Green Plains has an ethanol plant in Superior, Iowa. (Photo by Perry Beeman/Iowa Capital Dispatch)
An Iowa House committee approved a retooled version of Gov. Kim Reynolds’ controversial biofuels mandate proposal on Wednesday.
Fuel retailers rallied against Reynolds’ initial proposal, arguing that making the changes required under the bill could cost gas stations up to $1 billion in upgrades. CEO Ronald Langston of FUELIowa said his group was not consulted for the legislation, whereas agricultural groups had more sway.
“We don’t tell them what kind of corn and soybeans to plant,” Langston said of the agricultural interests pushing the bill. “Yet, in our case they are telling us what kind of fuel we will sell and how we are going to label our pumps.”
The legislation, House Study Bill 185, focuses on biofuels: ethanol, made of corn, and biodiesel, made of soybeans. Iowa is the nation’s top provider of both corn and ethanol, but much of Iowa’s ethanol is sold out of state.
The House Ways and Means Committee on Wednesday moved an amendment to the bill that strikes the entirety of Reynolds’s bill in favor of a 37-page proposal that softens some of the governor’s initial expectations.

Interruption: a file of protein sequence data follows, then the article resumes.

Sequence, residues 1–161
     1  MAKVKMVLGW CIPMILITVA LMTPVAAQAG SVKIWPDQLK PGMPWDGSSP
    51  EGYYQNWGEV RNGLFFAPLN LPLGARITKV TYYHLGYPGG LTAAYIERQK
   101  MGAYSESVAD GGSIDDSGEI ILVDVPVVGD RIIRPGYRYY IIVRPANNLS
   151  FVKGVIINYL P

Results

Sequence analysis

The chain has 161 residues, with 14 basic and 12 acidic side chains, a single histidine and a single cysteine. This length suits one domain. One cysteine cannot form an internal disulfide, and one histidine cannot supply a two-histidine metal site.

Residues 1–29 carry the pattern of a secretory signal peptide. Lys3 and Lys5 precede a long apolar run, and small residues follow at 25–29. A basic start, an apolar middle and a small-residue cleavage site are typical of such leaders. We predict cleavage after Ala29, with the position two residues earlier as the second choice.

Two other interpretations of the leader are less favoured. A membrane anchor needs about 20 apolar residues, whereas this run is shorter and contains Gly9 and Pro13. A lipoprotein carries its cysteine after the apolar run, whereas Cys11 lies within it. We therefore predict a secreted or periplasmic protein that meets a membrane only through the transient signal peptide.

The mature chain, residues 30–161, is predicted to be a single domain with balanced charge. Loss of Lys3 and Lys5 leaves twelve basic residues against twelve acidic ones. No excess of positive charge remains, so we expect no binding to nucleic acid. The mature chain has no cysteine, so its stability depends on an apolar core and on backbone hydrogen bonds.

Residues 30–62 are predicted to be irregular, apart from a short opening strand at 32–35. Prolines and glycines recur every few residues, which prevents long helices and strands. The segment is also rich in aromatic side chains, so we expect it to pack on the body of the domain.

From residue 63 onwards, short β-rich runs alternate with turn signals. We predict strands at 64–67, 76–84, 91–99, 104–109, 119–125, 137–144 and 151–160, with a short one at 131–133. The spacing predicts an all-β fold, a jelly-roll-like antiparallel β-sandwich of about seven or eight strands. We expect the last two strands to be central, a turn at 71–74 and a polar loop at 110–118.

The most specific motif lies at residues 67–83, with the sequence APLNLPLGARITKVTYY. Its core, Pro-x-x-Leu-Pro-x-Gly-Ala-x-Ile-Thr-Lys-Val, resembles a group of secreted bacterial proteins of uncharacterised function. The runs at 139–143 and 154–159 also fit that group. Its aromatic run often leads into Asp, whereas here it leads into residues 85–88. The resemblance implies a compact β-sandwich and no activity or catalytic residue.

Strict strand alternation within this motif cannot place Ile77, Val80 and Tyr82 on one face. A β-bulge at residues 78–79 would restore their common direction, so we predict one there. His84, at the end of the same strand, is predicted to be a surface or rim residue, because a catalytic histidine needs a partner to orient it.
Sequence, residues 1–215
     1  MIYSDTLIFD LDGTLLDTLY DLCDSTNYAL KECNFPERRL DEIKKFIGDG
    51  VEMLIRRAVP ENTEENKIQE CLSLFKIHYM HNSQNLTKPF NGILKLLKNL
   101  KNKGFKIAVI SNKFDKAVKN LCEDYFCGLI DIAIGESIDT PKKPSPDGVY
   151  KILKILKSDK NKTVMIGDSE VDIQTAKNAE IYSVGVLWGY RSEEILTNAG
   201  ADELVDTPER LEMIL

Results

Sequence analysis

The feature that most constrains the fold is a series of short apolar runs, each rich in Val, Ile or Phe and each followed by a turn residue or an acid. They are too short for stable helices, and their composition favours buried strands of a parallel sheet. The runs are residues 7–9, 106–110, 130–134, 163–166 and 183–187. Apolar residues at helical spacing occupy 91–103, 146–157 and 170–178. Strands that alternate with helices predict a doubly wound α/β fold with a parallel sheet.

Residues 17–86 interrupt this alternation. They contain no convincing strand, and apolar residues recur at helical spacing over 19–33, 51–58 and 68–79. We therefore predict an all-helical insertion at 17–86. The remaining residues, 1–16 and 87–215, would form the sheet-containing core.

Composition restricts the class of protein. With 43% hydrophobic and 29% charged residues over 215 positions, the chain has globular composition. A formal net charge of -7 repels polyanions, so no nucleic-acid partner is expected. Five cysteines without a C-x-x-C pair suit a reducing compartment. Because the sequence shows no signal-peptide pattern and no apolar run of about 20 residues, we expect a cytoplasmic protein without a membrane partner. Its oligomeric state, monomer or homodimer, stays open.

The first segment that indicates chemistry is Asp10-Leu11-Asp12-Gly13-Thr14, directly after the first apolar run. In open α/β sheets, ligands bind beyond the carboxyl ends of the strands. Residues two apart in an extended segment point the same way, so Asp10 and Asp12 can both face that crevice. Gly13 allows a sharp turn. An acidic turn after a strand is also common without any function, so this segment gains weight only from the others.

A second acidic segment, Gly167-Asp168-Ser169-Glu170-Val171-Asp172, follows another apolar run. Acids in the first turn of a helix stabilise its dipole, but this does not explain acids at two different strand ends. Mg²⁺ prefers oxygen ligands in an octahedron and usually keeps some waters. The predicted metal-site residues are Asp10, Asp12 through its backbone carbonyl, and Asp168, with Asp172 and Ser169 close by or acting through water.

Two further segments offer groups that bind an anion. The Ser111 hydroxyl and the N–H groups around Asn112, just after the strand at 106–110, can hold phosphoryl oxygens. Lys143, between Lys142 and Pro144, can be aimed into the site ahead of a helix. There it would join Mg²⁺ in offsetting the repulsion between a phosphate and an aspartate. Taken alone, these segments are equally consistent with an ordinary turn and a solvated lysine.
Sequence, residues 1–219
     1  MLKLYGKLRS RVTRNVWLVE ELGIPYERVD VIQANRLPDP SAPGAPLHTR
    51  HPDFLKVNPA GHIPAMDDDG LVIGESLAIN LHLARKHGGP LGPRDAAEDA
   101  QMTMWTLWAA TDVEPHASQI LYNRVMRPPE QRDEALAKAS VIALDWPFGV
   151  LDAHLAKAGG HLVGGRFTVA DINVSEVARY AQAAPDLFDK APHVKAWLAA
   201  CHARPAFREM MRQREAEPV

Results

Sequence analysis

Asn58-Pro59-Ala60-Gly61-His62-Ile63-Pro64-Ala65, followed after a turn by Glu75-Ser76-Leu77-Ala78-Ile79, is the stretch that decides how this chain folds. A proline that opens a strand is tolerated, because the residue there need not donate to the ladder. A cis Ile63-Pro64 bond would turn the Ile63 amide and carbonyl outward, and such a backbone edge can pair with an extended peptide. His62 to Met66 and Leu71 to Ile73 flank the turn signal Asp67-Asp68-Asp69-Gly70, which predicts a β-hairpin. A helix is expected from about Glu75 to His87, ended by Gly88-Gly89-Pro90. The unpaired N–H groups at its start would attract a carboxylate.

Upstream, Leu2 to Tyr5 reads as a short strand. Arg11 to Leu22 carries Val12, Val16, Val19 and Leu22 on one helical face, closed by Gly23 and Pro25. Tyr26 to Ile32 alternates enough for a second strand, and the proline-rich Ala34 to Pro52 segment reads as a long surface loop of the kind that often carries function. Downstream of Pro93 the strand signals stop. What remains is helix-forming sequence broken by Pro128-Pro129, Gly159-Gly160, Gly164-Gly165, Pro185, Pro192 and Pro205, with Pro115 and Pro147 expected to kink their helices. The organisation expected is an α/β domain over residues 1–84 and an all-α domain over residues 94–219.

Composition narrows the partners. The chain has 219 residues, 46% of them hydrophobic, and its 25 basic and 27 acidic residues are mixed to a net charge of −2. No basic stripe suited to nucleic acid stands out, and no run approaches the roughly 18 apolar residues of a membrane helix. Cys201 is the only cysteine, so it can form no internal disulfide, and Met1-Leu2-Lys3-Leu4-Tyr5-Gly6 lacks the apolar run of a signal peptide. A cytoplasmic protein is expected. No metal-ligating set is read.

Rep. Lee Hein, chair of the Ways and Means Committee, said the committee worked with interest groups, the Senate and the governor’s office to compile the amendment.
“This addresses a lot of the issues that different parties have brought,” Hein, R-Monticello, said.
The amendment would still require fuel retailers to phase out gasoline and prioritize biofuels.
Immediately on the passage of the bill, gas pumps would be required to have a “special-use label” for fuel without ethanol, known as E-0. By 2028, E-10 gas — that’s gasoline with 10% ethanol — would also require a special-use label, and all gas stations that sell E-0 would also need to offer E-15, a 15% ethanol blend.
Under the governor’s proposal, gas stations would be allowed to offer no-biofuel gas from just one pump. The amendment would allow fuel retailers to offer E-0 from any number of pumps.
The amended bill would also require diesel retailers to transition toward biofuels. The bill would immediately mandate gas stations to sell diesel with at least 11% biodiesel — B11 — from April to November. In the winter, there would be no mandatory minimum for biodiesel.
The amendment also lays out requirements for state vehicles to be biofuel-compatible and reporting schedules to track the progress of biofuel adoption. There would also be new tax credits for retailers that sell biofuels and incentives for building infrastructure that can handle up to E-85 and B-20 fuels.
The bill moves to the full House for consideration. A companion bill has not yet passed the Senate.
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